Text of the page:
Sports Editor Micah Rice was there, and he found too many good things to save for the Day After Report. Instead, he put it in the game story. How a player loves his new jersey, his new number. How a QB threw for more than 300 yards. How the Eagles never gave up and ended the longest losing streak in Clark County. It’s all in there.
By the way, Micah has had quite a run. He was there for Columbia River’s freakish win over Skyview. He was there last week when Evergreen rallied to beat Battle Ground in a close game. Then he had this sports miracle of a finish, two touchdowns in the final two minutes to end a long losing streak.
Fans of exciting games should beg Micah to be at their games.
W.F. WEST 36, COLUMBIA RIVER 13
Chieftains suffer first loss of the year
That’s the expression some teams use after a missed assignment or a bad game. Just flush it and go on to the next one.
“We need to be resilient,” said River coach John O’Rourke after his team lost its final non-league game. “The first part of the season is the non-league season, and it was just about working to be the best team we can be. It was about getting the type of varsity experience that a lot of these guys were lacking (before the season). Whatever positives came out of that were a real benefit.”
Now, it’s on to the second part of the season and the business of defending its 3A Greater St. Helens League title.
That starts Friday night against Fort Vancouver.
“We didn’t come out and play our game tonight,” said senior linebacker Nathan Jaskierny, who had a hand in two of River’s five sacks. “We need to get back to focusing on what we do.”
Bird in hand:
W.F. West converted on three third downs on its first two drives in building a 14-0 lead. River finally got a third-down stop on the Chehalis school’s third drive, but the Bearcats also committed a holding penalty on the play.
Rather than taking fourth-and-7 around midfield, the Chieftains chose to accept the spot foul, setting up a third-and-27 from the West 33.
The Bearcats made them pay. Quarterback Tanner Gueller escaped trouble a couple of times, buying time for Rogelio Sevilla to work himself free for a 45-yard completion on the final play of the first quarter.
Sevilla then opened the second quarter with a 22-yard TD run, putting River in a three-touchdown hole.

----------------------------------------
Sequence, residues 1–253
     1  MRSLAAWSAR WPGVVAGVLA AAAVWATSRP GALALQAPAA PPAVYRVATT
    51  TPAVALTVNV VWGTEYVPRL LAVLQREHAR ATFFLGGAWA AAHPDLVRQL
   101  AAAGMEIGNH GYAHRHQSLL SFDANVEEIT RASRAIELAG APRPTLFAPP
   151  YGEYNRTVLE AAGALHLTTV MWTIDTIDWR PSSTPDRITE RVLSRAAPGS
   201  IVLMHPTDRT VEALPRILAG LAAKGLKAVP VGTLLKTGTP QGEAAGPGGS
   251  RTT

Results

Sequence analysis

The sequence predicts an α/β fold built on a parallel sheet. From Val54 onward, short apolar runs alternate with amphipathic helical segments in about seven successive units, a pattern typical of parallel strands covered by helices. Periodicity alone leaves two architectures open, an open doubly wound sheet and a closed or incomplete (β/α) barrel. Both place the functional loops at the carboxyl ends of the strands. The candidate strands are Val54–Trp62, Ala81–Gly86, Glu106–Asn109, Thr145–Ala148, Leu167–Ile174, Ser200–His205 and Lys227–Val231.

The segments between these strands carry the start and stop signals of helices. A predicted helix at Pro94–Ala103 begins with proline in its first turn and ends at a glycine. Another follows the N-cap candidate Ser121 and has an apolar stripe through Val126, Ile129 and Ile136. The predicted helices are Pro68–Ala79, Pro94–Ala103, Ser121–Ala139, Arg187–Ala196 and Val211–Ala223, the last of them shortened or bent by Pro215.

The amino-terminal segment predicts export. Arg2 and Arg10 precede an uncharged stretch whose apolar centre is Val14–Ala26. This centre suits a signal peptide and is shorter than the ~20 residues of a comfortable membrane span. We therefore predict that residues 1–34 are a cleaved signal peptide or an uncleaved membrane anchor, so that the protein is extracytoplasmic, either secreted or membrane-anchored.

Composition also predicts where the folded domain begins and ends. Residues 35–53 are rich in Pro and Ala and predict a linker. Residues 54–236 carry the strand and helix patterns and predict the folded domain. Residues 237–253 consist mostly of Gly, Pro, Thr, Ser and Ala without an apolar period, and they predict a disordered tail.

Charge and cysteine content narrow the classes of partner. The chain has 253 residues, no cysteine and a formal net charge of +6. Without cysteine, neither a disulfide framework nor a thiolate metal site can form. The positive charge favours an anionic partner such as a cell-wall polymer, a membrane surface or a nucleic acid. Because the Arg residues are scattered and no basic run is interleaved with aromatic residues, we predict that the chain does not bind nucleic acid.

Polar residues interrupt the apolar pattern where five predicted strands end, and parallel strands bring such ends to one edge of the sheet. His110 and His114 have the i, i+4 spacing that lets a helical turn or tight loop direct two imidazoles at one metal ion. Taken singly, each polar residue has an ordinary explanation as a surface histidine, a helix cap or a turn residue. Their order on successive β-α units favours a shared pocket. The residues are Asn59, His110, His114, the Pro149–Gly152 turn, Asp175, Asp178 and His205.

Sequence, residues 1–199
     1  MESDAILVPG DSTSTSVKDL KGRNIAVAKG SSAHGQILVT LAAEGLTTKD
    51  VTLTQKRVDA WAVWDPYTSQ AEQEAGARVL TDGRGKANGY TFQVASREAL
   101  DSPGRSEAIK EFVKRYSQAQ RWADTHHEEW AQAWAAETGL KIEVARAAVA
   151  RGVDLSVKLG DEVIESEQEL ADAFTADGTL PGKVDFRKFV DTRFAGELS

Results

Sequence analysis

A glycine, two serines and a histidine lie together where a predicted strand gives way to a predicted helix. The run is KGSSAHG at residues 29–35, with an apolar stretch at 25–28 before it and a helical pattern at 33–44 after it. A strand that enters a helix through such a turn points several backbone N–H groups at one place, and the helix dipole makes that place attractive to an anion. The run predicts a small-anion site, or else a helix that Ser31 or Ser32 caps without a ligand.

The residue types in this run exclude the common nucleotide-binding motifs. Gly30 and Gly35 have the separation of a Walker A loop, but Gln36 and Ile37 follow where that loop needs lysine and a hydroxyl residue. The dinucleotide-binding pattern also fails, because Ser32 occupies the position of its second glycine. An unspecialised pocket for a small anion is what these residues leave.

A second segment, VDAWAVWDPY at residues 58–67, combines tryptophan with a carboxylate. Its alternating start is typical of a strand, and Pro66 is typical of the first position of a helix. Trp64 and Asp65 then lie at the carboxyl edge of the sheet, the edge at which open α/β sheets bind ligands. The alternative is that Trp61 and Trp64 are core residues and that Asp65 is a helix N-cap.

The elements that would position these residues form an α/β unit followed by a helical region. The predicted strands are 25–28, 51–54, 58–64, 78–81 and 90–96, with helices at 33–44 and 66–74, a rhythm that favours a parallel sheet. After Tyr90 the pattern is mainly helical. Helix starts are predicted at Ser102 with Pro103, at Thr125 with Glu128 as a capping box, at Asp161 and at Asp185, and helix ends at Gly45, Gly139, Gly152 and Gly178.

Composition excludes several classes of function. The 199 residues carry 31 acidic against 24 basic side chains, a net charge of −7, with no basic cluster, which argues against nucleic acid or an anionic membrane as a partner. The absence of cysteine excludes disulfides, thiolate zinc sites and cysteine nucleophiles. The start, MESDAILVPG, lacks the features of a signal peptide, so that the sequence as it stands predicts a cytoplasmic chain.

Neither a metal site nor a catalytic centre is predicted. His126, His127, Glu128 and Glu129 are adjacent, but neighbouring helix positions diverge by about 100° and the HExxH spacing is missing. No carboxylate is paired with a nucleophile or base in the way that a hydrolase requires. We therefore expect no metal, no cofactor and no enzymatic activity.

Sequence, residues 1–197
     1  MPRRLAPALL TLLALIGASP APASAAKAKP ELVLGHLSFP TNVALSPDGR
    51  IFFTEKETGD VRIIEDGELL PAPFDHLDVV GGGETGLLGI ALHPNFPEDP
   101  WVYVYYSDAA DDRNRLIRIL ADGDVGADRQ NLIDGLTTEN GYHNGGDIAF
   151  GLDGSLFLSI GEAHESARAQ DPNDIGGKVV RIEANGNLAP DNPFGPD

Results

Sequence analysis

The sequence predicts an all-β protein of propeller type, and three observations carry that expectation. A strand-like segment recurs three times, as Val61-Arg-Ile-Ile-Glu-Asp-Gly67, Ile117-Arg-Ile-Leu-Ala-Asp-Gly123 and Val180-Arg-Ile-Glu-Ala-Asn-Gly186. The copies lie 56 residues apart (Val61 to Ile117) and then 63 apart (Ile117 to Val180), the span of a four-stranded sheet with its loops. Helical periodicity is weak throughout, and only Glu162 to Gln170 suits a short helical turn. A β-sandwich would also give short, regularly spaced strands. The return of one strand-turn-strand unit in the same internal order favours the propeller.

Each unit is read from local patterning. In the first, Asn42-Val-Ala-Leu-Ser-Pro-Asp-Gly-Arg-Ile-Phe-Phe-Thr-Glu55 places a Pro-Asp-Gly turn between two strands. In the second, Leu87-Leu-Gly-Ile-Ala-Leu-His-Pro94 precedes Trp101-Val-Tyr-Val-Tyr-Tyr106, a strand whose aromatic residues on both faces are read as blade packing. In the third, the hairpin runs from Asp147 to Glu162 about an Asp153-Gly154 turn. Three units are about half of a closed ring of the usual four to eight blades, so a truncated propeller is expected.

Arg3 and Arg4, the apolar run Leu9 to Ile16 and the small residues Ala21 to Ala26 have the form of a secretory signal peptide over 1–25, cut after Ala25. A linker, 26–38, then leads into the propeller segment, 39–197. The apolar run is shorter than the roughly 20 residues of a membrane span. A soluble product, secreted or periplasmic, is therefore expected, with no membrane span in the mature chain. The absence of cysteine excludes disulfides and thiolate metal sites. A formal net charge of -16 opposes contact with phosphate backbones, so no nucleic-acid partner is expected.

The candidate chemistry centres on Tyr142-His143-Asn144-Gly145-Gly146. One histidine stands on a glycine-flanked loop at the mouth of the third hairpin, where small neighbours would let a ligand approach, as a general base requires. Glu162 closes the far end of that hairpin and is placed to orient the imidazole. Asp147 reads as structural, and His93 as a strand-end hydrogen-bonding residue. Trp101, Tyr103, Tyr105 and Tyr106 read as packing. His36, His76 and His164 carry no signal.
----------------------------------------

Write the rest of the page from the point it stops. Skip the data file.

Second string shines:
O’Rourke had to like how his second-stringers performed once the game’s outcome had been settled.
Their first play didn’t go so well, as River fumbled the ball away at its 24-yard line. But after West cashed in with a touchdown for a 36-0 lead, the River reserves made their mark.
Junior Gabe Evenson led a pair of touchdown drives in relief of starter Jonathan Branson. Evenson showed his own elusiveness with a 47-yard scramble on the first one and finishing 6-for-9 passing for 84 yards.
“It’s been real close between the two of them all year,” O’Rourke said of the competition between the two quarterbacks. “There’s not a great deal of separation between the two.”
Better than never!
The Columbia River notes came in late because our excellent freelance reporter, Rene Ferran, lost power at his house during Saturday’s storm. Once the power came back on, he sent his notes. Thanks for the effort, Rene.
LA CENTER 48, CASTLE ROCK 14
Wildcats keep rolling.
We got the scoring summaries in the paper and I’ll have the individual stats listed soon. But here are a few defensive highlights that were called in late Friday night.
Jacob Livingston had four solo tackles, Connor House had five total tackles. Conner Fulton had three tackles. Max Hiller had a sack. And Isaiah Block had an interception. Naturally, Block also had a block, blocking a punt.
WOODLAND 47, MONTESANO 3
Beavers destroy defending state champions.
Another shout-out to Woodland coach Mark Greenleaf, who recorded his 100th career win. The 64th win at Woodland came against the defending state champion. Sure, Montesano lost a ton of talent from last year’s team, but it still is Montesano. Great program. Which makes this win extra sweet for the Beavers.
MARK MORRIS 22, PRAIRIE 0
Prairie looks ahead to league play.
The bad, first:
Prairie was held to 126 yards of offense. Seriously. This from a team that had three different 100-yard rushers in the first three weeks of the season. That stretch included two wins over Class 4A competition.
Then this happened, against a 2A program. Sure, Mark Morris is a solid 2A program but the Falcons had to be disappointed with their results Thursday night.